How to travel to France from the US in September 2021

This post was written as of September 15, 2021. Things are changing very rapidly so I advise you to visit the French government website for the most up to date information.

If you have been following me on Instagram, you may have picked up on some of the clues I have been dropping the past week. Yes, I am going to France soon. This is a trip to see family that is long overdue. My husband hasn’t seen his sister in almost three years. We had many hesitations about traveling due to the pandemic, but I actually feel safer traveling to Europe than I do to many parts of the United States. (ahem, looking at you southern states!) Vaccination rates in France are higher than many states. Plus, there are restrictions about entering the country as well as returning to the US. You cannot even board a flight back to the USA without getting a COVID test.

This trip feels very different from past trips to France because there are many more requirements due to COVID. I had been anxiously awaiting for updates on travel restrictions since we booked our tickets. Just last week, the United States was moved to the “Amber List.” At first, I was worried that we would have to make changes to our trip but we are fully vaccinated so we are good to go!

From the Ministry for Europe and Foreign Affairs website:

If you are vaccinated, you can travel to France with no restrictions linked to health conditions. The measures applicable to vaccinated adults also apply to any minors accompanying them, whether they are vaccinated or not. You can therefore travel with your underage children, whether they are vaccinated or not, and they will not need to self-isolate. Unvaccinated children aged 12 and over will need to present a negative test result as described below.

If you are NOT vaccinated, there are rules depending on your country of origin. Please do your own research.

A few people have asked what I need to travel as well as how to apply for the pass sanitaire (health passport). This Coronavirus-Advice for Foreign Nationals in France post is a comprehensive FAQ to help answer your questions. Please refer to that if you have questions, I am just sharing my personal experience below.

    Whether you are traveling or not, get your full vaccination NOW! Period. JUST DO IT.* I seriously cannot emphasize this enough. It doesn’t have anything to do with travel but with protecting others.
    *unless you are medically exempt, of course
  2. Enroll in the Smart Traveler Enrollment Program (STEP).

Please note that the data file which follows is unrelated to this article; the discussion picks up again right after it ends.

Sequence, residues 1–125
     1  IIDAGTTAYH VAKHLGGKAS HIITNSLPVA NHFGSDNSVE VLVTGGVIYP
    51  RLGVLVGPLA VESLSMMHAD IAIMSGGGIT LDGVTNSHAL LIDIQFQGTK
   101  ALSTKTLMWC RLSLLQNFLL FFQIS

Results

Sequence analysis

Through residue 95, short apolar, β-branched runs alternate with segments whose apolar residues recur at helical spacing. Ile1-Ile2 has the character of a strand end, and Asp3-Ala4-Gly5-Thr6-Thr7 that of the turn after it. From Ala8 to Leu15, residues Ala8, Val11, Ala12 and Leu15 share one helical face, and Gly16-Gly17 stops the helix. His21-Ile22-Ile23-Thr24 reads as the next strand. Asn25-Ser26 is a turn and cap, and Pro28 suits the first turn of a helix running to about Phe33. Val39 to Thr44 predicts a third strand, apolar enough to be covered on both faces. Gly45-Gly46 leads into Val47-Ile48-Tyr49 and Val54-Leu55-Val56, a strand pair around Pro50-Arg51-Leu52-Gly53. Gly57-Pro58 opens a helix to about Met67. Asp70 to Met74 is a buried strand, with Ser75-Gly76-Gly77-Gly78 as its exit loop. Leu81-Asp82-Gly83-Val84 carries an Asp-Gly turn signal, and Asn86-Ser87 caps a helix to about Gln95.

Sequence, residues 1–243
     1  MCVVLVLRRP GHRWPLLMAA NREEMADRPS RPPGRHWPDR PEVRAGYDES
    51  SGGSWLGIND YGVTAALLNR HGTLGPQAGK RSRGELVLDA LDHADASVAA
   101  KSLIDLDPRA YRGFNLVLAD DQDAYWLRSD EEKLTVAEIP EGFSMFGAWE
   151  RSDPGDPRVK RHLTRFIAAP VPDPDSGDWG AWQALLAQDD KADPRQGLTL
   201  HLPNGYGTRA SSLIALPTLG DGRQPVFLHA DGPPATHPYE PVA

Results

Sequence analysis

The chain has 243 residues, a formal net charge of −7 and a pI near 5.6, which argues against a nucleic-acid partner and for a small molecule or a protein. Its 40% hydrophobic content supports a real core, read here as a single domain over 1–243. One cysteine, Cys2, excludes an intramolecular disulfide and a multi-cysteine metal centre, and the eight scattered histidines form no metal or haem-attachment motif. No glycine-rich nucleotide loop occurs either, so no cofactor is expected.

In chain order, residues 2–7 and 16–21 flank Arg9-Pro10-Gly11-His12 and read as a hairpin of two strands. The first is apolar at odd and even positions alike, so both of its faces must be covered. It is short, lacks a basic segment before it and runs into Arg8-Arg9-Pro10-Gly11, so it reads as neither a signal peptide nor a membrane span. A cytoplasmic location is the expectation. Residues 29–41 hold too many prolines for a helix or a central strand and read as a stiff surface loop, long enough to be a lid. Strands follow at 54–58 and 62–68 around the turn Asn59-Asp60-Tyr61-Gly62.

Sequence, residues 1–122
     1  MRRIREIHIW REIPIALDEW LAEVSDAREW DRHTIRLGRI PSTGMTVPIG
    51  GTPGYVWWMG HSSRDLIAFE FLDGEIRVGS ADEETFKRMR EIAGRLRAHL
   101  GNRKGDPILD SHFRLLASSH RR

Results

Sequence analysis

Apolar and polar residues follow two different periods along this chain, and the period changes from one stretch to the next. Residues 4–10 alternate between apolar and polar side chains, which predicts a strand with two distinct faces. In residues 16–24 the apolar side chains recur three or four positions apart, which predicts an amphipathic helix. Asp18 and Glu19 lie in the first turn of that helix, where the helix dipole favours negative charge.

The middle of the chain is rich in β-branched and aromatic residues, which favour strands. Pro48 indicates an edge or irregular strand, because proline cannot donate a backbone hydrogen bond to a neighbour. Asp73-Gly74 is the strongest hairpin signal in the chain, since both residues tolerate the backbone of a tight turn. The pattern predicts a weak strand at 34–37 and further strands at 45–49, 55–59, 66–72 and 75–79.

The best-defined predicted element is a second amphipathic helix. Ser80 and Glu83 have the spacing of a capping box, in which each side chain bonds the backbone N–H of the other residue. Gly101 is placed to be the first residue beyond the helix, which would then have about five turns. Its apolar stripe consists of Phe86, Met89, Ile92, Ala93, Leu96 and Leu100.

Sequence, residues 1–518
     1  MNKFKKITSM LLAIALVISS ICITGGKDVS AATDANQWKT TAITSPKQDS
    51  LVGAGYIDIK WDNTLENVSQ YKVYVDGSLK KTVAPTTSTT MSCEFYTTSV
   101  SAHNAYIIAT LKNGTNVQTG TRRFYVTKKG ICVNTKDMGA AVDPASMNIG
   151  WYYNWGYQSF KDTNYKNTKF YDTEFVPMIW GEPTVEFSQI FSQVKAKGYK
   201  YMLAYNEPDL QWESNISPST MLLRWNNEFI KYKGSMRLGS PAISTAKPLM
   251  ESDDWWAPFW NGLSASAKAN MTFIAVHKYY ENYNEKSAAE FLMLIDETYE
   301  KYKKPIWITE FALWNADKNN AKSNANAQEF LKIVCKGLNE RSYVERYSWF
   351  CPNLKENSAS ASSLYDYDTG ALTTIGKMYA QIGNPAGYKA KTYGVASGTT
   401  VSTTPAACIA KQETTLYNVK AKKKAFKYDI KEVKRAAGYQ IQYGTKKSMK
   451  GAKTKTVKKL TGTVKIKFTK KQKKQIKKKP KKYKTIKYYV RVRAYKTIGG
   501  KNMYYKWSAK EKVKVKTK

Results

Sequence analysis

I do this before any international trip but it has been especially helpful leading up to traveling during COVID. Emails are sent out regularly about your destination country. This includes everything from COVID information to protests to terrorism warning levels. It also alerts the state department that US Citizens are overseas. Get in the habit of using this system when you travel. I have been doing it for years.
  3. Apply for the France COVID certificate.
    This is for fully vaccinated tourists to France. Every person you are traveling with needs to apply for this separately. Give yourself enough time to get this processed before you travel. To apply for this COVID certification you will need to submit: a digital copy of your passport, your airline ticket, a copy of your CDC vaccination card, and will need to fill out the required questionnaire. Allow 2 weeks minimum for processing, although sometimes it can happen quickly. Once approved, you will receive an email with instructions on how to access your “Certificat COVID numerique UE.” I printed two copies as well as saved it to my phone just in case!
  4. Complete the French Certificate of International Travel.
    This form is required for border control measures both on entering and leaving the country. Countries have been classified based on health indicators. The United States is currently on the “Amber List,” as of September 15, 2021.
  5. Pack your documents in your carry-on bag.
    This includes your passport, your CDC vaccination card, your Certificat COVID, your French Certificate of International Travel, proof of your destination location, and proof of return. This might be overkill but better safe than sorry.

I am writing this prior to my trip, so I am hoping all of my research pays off and we get into France with no issues.